my $fix_teh = pmap { s/teh/the/g; $_; };

Note that you still need to actively return $_ for the pipe to continue (again, as with perl's map operator).


  my $filter = pgrep { <return true or false to keep or throw away $_> };

A pipeline part built with pgrep gets invoked for each line on the pipeline, with the line in both $_ and $_[0].

If it returns a true value, the line is passed on to the next stage of the pipeline. If it returns a false value, the line is thrown away and IO::Pipeline will go back to the start of the pipe chain and read another line to restart processing with.

The upshot of this is that any pgrep can be turned trivially into a pmap:

  my $filter = pgrep { /ALERT/ };

is precisely equivalent to:

  my $filter = pmap { /ALERT/ ? ($_) : () };

but the pgrep form is rather clearer.


  my $output = '';
  my $sink = psink { $output .= $_ };

A pipe sink is an alternative to an output filehandle as the last element of a pipeline. Where in the case of a normal filehandle a line would be printed to the handle, given a sink IO::Pipeline will call the code block provided. So:

  $pipeline | \*STDOUT;


  $pipeline | psink { print STDOUT $_; }

will have exactly the same end result.

If you're looking for the source version of this, there isn't one built in because IO::Handle::Util already provides an io_from_getline construct that does that, along with a bunch more things that you may find very useful.


Start with an input filehandle:


Next, we split the line up - so

  2010-03-21 16:15:30 1NtNoI-000658-6V Completed


  [ '2010-03-21', '16:15:30', '1NtNoI-000658-6V Completed' ]

using a regexp in list context so that all the match values fall out into a new anonymous array reference:

    | pmap { [ /^(\S+) (\S+) (.*)$/ ] }

Now we've separated out the message, we want to throw away anything that isn't either a 'rejected' or 'Completed' line, so we test the last element of the split line for that:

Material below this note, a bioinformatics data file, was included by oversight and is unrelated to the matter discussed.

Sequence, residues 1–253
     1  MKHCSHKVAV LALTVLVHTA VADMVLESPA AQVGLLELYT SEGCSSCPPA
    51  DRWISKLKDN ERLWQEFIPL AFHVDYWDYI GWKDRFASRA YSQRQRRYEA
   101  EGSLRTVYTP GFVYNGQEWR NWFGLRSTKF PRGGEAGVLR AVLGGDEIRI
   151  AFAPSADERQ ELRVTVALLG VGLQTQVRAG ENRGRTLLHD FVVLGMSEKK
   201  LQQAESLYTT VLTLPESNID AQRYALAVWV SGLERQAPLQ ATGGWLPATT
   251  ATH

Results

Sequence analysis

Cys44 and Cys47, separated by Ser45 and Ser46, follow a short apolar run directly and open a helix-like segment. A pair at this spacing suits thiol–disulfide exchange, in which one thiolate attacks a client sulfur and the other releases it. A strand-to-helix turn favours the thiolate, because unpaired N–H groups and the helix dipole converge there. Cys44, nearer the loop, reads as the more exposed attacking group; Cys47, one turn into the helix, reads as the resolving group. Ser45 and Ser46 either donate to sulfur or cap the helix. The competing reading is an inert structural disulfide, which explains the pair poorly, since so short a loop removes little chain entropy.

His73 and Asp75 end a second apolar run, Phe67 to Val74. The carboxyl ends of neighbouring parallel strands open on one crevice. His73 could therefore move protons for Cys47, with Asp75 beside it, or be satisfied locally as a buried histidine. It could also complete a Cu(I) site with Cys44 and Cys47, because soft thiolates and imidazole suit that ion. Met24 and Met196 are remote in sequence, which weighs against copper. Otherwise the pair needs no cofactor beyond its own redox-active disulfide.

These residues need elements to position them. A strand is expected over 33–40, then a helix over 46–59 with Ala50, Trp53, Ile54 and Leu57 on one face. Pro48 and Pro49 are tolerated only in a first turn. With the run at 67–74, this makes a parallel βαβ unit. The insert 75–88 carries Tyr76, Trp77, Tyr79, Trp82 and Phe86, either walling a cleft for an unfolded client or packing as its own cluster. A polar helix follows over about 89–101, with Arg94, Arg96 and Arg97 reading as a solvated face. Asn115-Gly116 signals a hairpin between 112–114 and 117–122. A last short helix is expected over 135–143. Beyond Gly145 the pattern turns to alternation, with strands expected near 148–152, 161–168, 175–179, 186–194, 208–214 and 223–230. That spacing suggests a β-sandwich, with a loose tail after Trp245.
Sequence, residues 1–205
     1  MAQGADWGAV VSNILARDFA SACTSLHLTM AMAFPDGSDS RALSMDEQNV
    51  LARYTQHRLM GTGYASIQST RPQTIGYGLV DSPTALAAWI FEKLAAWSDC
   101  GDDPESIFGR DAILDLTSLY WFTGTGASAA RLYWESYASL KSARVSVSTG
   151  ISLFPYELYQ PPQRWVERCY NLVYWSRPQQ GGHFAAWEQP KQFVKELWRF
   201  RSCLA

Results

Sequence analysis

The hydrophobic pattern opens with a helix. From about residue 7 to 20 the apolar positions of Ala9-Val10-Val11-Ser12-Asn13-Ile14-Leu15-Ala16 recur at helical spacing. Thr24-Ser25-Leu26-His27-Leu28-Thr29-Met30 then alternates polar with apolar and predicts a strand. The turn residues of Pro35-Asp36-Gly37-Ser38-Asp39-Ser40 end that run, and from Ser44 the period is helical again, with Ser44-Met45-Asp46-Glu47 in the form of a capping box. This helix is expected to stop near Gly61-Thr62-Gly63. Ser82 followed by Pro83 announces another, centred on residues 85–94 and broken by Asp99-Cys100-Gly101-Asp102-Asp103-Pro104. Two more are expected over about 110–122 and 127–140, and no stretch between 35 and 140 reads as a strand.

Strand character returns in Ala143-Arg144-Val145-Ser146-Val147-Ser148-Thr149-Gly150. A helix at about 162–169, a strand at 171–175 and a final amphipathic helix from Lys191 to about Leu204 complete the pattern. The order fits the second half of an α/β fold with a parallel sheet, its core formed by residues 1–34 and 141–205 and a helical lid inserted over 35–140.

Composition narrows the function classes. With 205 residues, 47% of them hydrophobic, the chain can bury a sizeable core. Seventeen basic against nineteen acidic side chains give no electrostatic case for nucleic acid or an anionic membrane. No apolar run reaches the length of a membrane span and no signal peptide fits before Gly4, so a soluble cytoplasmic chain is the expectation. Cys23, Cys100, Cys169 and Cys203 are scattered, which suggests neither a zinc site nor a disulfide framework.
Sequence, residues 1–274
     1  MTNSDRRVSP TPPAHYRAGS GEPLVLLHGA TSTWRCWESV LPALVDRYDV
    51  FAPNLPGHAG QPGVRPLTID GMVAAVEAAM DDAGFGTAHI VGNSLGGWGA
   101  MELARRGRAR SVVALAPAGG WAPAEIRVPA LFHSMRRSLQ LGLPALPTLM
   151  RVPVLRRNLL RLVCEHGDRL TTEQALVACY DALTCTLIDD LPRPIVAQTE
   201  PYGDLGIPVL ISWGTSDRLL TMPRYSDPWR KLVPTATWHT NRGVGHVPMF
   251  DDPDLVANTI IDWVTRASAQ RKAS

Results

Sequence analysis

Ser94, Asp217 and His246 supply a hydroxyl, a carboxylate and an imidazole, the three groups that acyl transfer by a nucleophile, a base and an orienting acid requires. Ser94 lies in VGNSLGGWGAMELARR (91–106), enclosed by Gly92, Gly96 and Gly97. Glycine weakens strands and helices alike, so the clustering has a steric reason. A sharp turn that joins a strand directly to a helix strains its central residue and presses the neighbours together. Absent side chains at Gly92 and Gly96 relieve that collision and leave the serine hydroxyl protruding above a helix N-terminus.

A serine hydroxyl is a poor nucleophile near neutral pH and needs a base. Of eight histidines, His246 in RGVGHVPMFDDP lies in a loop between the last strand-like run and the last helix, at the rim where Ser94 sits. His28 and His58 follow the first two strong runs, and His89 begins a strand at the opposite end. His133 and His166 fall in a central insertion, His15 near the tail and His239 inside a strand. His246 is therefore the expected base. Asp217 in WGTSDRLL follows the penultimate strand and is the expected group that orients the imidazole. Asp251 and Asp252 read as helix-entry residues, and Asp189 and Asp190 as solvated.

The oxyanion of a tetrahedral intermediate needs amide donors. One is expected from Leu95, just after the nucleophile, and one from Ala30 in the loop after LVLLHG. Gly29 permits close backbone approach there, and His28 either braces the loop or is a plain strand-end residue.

| pgrep { $_->[2] =~ /rejected|Completed/ }

Now we know which is which, we want to turn

  [ '2010-03-21', '16:15:30', '1NtNoI-000658-6V Completed' ]


  [ '2010-03-21', '16:15:30', 'Completed' ]

and similarly for rejected lines. Since we know both lines are one or the other, we can simply test for 'rejected' in the line -

  $_->[2] =~ /rejected/ ? 'Rejected' : 'Completed'

and then we construct a new array reference consisting of the first two elements of the original array

  @{$_}[0, 1]

plus the new value for the third element:

    | pmap { [ @{$_}[0, 1], $_->[2] =~ /rejected/ ? 'Rejected' : 'Completed' ] }

This done, we can now reassemble the line using join (remembering to add a newline since IO::Pipeline doesn't in case you didn't want one)

    | pmap { join(' ', @$_)."\n" }

and then in lieu of sending it somewhere else, since this is just a demonstration code fragment, add a sink that appends things onto the end of a variable so that we can examine the results:

    | psink { $out .= $_ };


Matt S. Trout (mst) <>


None as yet, though I'm sure that'll change as soon as people spot the giant gaping holes that inevitably exist in any software only used by the author so far.


Copyright (c) 2010 the IO::Pipeline "AUTHOR" and "CONTRIBUTORS" as listed above.


This library is free software and may be distributed under the same terms as perl itself.


Right now, your best routes are probably (a) to come ask questions on #perl on or #perl-help on (I'm on there with nick mst if nobody else around at the time manages to help you first) or (b) to email me directly at the address given in "AUTHOR" above. You're also welcome to use to report bugs (which you can do without a login by mailing bugs-IO-Pipeline at that domain), but please cc my email address as well on grounds of me being a Bad Person and thereby not always spotting tickets.


This code lives in and can be viewed via gitweb using;a=summary

or checked out via git-daemon using